Death. The loss of a person with meaning. A topic so easily brushed over, blamed on the fault of stereotypes – the British find it too awkward, the Germans too brazen, the French disrespectful. Continuously glossing over the only true universal fact – our lives will come to an end. At some point our small enveloping bubble will burst and whatever makes us who we are, the true fabric of ourselves, will be gone.

 

I recently lost a friend. Someone I’ve known since childhood. Someone who had a significant impact on my family, my ego and my music taste – always one to ground me when my teenage self would inflate and brag about nonsensical things. Although younger, he matured early and would approach all life’s troubles with an easy smile and a generous outlook. It is unbelievably unfair that life was snatched from him. The loss everyone who knew him must feel is profoundly sad; for him, who never reached his mid-twenties, for his family, who lost a brother, son and friend, and for ourselves, who will never again have the pleasure of his warmth, genuine honesty and unwavering faith in you. The world is a much duller place without him.

Freud compares the phenomenon of mourning after the loss of a loved one to depression or ‘melancholia’. He emphasises that grieving individuals are searching for an attachment that has been lost and that the mourning is necessary to find closure in the loss. Yet, there is no predetermined time allotted for loss, recovery, grief. For some it takes longer to accept the loss, for others they remain in the anger phase – furious that their loved one could be snatched so cruelly from this earth. If we were to believe in heaven, losing someone could be more comforting. They have found peace, and solace with other loved ones and it is only those on Earth who suffer. But for those who do not believe in heaven; there is no closure. That person is just gone and the injustice of it is heartbreaking. With this, it is a wonder people choose to form attachments. Repairing yourself takes time, there is no abstract plaster to protect the damage. Things that are taken are never given back.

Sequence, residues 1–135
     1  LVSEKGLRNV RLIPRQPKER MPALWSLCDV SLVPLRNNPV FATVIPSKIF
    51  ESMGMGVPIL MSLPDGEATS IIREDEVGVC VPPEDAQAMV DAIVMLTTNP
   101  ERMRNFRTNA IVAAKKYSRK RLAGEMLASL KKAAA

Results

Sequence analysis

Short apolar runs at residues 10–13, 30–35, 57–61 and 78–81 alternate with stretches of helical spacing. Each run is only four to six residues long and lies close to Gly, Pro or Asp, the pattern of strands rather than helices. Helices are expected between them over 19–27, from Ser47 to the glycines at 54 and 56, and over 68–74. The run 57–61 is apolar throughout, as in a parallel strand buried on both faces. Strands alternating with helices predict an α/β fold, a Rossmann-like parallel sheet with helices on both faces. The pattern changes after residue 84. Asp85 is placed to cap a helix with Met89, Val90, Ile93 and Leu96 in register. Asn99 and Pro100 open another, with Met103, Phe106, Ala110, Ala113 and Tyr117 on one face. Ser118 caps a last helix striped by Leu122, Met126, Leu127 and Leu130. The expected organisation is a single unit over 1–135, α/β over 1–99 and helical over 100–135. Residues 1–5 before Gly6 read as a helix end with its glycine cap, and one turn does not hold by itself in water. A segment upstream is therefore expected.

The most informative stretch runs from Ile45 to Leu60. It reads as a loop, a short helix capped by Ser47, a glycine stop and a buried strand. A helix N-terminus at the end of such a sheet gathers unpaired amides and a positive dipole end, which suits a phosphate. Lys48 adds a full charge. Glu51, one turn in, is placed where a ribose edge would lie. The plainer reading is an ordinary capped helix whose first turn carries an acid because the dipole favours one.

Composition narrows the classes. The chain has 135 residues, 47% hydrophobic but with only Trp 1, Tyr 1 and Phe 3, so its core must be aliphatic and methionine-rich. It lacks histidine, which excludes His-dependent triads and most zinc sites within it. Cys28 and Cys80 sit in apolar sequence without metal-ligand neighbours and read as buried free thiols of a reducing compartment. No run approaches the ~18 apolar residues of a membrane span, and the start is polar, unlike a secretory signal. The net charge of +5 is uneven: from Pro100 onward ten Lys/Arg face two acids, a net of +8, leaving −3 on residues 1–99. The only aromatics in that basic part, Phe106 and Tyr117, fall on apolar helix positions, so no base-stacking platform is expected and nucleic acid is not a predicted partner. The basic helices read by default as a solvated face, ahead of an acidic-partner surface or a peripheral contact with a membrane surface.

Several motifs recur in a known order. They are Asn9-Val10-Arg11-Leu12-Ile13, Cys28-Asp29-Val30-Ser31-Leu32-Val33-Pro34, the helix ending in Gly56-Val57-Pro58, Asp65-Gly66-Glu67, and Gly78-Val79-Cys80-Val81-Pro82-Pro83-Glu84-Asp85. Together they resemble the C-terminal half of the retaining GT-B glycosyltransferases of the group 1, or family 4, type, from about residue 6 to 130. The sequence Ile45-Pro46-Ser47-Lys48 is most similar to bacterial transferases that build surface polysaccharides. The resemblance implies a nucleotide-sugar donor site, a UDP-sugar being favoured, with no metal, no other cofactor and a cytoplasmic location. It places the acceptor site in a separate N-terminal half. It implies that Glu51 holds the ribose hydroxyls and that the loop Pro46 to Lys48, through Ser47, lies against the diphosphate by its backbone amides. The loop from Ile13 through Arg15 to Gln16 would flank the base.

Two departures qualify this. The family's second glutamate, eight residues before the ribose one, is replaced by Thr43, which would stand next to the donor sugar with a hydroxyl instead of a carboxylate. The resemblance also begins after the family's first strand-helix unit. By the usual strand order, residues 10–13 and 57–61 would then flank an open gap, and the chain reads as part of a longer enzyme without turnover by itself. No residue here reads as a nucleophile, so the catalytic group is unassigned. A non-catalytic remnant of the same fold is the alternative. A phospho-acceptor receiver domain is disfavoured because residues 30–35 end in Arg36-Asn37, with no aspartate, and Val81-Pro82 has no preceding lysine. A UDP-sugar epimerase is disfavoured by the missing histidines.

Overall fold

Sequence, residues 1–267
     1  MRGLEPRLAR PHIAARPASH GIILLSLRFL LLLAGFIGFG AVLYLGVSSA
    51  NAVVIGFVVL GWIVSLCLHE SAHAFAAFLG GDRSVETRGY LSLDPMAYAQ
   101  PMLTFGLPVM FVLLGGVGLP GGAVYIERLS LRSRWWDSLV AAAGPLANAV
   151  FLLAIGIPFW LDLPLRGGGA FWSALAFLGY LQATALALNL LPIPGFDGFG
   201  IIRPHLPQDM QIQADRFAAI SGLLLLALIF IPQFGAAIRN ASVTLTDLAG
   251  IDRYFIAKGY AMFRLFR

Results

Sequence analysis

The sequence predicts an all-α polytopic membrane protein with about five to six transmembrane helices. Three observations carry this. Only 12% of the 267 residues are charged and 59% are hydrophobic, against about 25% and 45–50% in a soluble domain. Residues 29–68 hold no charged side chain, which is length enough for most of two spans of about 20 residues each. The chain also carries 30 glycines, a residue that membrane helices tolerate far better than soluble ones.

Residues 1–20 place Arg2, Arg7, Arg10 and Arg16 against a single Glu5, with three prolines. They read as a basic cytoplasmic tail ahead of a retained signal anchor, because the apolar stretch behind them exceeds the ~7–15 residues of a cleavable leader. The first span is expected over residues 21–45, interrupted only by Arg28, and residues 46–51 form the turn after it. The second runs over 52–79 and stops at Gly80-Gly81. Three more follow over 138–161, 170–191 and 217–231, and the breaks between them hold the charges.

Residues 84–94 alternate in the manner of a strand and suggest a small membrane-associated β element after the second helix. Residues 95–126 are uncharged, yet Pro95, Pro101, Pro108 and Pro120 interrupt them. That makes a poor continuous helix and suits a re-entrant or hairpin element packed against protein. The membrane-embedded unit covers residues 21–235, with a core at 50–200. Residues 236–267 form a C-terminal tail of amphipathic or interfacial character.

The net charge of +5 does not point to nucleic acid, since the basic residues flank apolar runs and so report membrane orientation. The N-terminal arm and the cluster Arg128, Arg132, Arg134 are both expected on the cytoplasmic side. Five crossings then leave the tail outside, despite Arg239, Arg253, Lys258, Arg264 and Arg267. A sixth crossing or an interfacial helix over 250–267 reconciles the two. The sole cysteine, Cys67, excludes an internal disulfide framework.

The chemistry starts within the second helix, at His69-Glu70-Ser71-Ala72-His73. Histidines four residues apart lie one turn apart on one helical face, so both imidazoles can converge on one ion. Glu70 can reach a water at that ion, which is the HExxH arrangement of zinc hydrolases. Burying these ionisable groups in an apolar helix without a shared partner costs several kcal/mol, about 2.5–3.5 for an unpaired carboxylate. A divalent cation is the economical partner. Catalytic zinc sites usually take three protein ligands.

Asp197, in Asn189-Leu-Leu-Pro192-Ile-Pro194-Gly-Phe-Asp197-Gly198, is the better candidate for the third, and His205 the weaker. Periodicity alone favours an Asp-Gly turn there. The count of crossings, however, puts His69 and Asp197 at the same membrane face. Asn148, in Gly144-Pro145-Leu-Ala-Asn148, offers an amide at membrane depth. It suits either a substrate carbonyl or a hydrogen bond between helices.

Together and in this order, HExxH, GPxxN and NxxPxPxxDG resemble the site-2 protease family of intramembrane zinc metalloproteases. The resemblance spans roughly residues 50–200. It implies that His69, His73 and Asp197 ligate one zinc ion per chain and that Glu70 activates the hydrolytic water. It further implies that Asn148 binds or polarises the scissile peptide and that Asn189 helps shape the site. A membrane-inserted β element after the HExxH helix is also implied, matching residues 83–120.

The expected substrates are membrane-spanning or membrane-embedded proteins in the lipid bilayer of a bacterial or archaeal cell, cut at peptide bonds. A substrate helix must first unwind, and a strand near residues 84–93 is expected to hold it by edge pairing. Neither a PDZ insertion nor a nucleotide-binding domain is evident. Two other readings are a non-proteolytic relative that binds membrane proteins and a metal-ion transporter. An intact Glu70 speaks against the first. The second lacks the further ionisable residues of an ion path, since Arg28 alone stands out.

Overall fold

Your two choices are to either repel all thoughts of love and friendship, in favour of loneliness. Anything not to damage your broken heart. Possibly an easier route, but it denies one the comfort of acceptance, the joy of belonging. Or, be totally open and risk loss and grief in favour of experiencing the extent emotion has to offer. I’m still tossing up between them.

To lose may be inevitable, but excess suffering doesn’t have to be. Speak about your grief, be open, talk to your close ones. Communication helps to ease worlds of pain and could be a catalyst to acceptance.

 

And regarding all those pesky missing items – that sock, that hair-tie – let’s all try and worry less. Reuse your old socks, refashion a piece of string.

 

And so ends my ode to loss. It may not have enlightened you but I hope it made you think.

 

Though loss is an inevitable element of life, it does not have to control you. Charities like Marie Curie and the Rainbow Children’s Trust offer support to people living with terminal illnesses and their families.

There are multitudes of charities out there to bring solace for those suffering from loss. They cover all aspects: familial loss, stillbirth and infant loss, suicidal loss. The Loss Foundation offers bereavement counselling to those who’ve lost someone from cancer.

 

Or if you just want a chat, email me at tia@peoplewhodothings.co.uk.